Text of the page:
The Mérida Initiative does nothing to stop the flow of guns into Mexico, and the US government’s efforts to address illegal weapons trafficking seem like a bad joke: The Department of Homeland Security has begun screening southbound rail shipments for weapons (just in case arms dealers decide to start sending guns to Mexico by train); and in 2011, the US Office of Management and Budget started requiring federally licensed firearms dealers in Southwest border states to report to the ATF any time they sell more than one semiautomatic rifle to the same unlicensed person within five days. (None of the three states that stretch along 93 percent of the US border with Mexico requires gun buyers to have a license or permit of any kind, or imposes any restrictions on the purchase of automatic weapons.) These measures followed a scandal over an ATF operation that allowed hundreds of weapons to end up in the hands of criminals in Mexico.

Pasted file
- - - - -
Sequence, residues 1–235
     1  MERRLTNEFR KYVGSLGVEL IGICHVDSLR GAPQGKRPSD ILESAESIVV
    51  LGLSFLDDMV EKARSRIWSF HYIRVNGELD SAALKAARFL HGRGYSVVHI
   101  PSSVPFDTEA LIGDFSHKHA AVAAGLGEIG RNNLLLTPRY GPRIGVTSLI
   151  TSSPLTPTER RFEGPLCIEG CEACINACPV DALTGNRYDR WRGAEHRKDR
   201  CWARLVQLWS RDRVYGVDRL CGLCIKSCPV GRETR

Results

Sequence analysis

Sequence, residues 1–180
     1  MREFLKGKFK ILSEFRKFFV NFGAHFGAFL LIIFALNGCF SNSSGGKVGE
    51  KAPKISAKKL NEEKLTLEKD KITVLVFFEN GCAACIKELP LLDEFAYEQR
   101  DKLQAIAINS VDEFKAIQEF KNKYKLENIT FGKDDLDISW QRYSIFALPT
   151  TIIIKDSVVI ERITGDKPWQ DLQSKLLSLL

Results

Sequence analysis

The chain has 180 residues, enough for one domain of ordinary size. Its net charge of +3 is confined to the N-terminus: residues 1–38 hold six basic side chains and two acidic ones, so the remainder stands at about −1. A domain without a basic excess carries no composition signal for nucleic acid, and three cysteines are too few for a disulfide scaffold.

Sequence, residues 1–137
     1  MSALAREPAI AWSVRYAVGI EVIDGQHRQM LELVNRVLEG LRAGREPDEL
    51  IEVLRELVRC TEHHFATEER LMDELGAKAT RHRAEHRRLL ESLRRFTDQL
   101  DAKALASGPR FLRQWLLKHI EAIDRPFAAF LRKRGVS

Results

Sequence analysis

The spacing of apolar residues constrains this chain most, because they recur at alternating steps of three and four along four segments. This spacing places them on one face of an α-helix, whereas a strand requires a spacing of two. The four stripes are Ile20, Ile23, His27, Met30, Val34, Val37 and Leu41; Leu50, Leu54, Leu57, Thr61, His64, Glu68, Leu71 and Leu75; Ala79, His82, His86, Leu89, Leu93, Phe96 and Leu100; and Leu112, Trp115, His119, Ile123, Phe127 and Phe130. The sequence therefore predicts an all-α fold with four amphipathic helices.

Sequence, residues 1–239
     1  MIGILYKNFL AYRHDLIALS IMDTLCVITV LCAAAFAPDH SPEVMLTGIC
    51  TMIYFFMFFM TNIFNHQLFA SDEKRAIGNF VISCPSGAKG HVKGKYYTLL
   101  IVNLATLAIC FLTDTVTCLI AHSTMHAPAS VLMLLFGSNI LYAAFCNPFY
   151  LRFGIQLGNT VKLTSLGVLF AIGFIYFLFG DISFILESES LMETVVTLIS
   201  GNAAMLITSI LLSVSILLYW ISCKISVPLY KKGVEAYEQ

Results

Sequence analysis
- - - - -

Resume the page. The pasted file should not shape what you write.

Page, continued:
An April 2014 report by the Congressional Research Service on the Mérida Initiative notes that “the apparent weakness of Mexico’s criminal justice system seems to have limited the effectiveness of anticrime efforts.” The US government has failed to enforce the human rights conditions built into the Mérida Initiative and continues to back the Mexican government’s military-led security strategy, even as the country’s human rights situation worsens. More than 22,600 people have been disappeared in Mexico in the past eight years, with over half of these disappearances taking place since 2012.